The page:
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Vu174 Tillburg and Vu177 Paladin

Luftwaffe fighter bases with Battle of Britain history

Vu174 Tillburg and Vu177 Paladin site overviews

What to see

Following Germany’s occupation of northern France in 1940 a series of airfields were established along the coast in the Pas de Calais region from Calais to Boulogne-sur-Mer.
One of the first to be established in early July 1940 was this site – originally known as Le Colombier but later coded as Vu174 Tillburg - on former farmland near the village of Audermbert.
It was one of two early airfields built along with a neighbouring site Vu177 Paladin situated less than two hundred metres away.
Between them to the east of both sites was a large grass runway area with surrounding taxiways, personnel buildings, defensive structures, and single-aircraft hangars for Luftwaffe fighters. At its height it’s reported that there were over 40 aircraft based here.
From August 1940, the airfield complex was home to already legendary fighter ace Adolf Galland, and his JG26 squadron of Messerschmitt 109 aircraft based here played a role in the Battle of Britain.
Initially, the parked aircraft were hidden between bales of straw and camouflage nets, but the site would evolve to feature to feature individual fighter ‘boxes’ to protect them. Today you can still see seven of them at Paladin and four at the Tillburg site.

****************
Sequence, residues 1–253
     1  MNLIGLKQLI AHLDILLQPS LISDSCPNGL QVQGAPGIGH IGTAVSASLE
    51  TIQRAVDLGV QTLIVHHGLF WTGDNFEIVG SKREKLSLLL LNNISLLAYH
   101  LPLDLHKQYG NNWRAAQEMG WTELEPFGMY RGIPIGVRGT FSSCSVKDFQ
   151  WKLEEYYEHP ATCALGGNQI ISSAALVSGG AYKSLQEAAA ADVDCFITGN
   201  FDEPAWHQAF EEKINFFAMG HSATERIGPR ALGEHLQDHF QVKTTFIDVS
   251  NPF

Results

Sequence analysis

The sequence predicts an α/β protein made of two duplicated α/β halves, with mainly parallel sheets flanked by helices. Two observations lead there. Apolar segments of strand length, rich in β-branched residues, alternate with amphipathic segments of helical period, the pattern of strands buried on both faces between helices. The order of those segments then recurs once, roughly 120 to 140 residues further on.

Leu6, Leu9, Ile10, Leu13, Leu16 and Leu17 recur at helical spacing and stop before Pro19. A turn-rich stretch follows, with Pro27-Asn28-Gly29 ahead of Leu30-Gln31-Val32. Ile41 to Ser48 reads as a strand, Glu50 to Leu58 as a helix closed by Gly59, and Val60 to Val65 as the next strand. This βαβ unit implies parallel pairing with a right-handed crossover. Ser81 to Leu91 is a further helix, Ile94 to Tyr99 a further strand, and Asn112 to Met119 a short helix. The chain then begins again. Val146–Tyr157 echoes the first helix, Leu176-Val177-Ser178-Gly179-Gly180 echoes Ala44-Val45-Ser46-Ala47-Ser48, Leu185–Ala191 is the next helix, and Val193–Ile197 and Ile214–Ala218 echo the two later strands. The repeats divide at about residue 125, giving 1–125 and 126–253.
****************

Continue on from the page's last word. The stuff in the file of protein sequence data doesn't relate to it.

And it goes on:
There were more of these shelters planned but the airfield’s life was short lived as the grassy runways became waterlogged with surrounding areas becoming too muddy to support an active airfield. In November 1940 the squadrons were relocated to airfields at St Omer to the east and Abbeville to the south.
That wasn’t the end to the location being used by German forces though and before the site was abandoned in August 1944, they would take on roles which included a communications centre – which also saw several defensive Vf3a bunkers constructed – as well as a training camp, a supply depot, and camp for a large pioneer battalion.
Both sites – located on the D238 road between Wissant and Warcove – have been returned to farmland but you can still see the remains of many of the original buildings with permission.


Directions to bunker sites in this area...

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